of the flute stops take us straight into a Christmas scene; so of course the organ is perfect for all those Pastorales written by Italian and Maltese composers 200 or so years ago for instruments such as this. To hear these pieces played at Qrendi, or – even greater joy – to be able to play them there, is to experience a revelation. The organ, like the country lad, can only be described as cheerful, and it encourages the organist to make music: surely the mark of an extraordinary instrument. There are other quaint 18th century touches, like the ‘short’ octave at the bottom of the keyboard (no F# or G#) repeated in the Sicilian-style pedals, all guaranteed to confuse a modern organist until he agrees to surrender to the ways of his predecessors! Even the rope handles to blow the bellows are here, though now the sweat and toil have given way to a discreetly placed electric blower, the only thing in the whole organ which is not entirely mechanical. The casework, beautifully gilded and painted with floral decoration to the highest standards, yet retains a rustic naivety that, like the shepherd boy in the presepju, is disarmingly attractive.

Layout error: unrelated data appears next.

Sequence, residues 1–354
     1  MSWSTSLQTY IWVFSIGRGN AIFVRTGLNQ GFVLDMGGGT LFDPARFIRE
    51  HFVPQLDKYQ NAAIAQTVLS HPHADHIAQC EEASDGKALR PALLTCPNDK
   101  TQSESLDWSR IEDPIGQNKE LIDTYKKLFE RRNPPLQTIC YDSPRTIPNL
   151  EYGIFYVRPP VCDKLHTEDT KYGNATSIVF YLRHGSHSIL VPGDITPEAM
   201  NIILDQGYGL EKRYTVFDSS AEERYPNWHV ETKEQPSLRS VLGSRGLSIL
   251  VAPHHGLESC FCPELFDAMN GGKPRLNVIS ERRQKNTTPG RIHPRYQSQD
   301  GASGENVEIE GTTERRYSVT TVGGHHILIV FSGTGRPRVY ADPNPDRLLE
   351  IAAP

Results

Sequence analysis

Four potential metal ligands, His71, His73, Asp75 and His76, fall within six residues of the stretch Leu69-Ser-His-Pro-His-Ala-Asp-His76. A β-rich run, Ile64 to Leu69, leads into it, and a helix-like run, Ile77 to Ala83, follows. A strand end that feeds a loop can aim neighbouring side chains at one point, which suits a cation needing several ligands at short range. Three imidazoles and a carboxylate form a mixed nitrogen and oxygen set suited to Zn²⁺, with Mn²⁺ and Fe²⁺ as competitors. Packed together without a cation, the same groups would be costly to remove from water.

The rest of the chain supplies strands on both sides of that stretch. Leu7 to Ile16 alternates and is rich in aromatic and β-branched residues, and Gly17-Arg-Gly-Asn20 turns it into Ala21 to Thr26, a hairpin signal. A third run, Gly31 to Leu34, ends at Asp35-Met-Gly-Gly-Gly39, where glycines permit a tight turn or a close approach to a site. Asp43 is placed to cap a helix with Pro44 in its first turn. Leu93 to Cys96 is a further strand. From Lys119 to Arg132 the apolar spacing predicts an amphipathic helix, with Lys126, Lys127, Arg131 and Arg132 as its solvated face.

Robert Buhagiar has also restored the 1774 organ at Naxxar. This one’s personality is quite masculine too – unlike the organs at, say, Santu Wistin in Valletta and San Lawrenz, Birgu, which are far more like sophisticated ladies: full of grace and elegance, with the capacity to be capricious as well! Naxxar is clearly first cousin to Qrendi: a little older, bigger, and slightly more complex – imagine the country lad with a bit of schooling, some shoes, and a new hat for the Festa! Although Robert has retained some late 19th century alterations to the organ here, it is essentially what one would expect a late 18th century Italian-style instrument to be. To anyone whose senses are dulled by the constant noise in which we live, the tone here will be found to be refreshingly clear and sharp; although there is only one manual and 17 pedals, divided stops and couplers mean that there is endless scope for the organist to mix tonal colours with which to paint his picture in sound.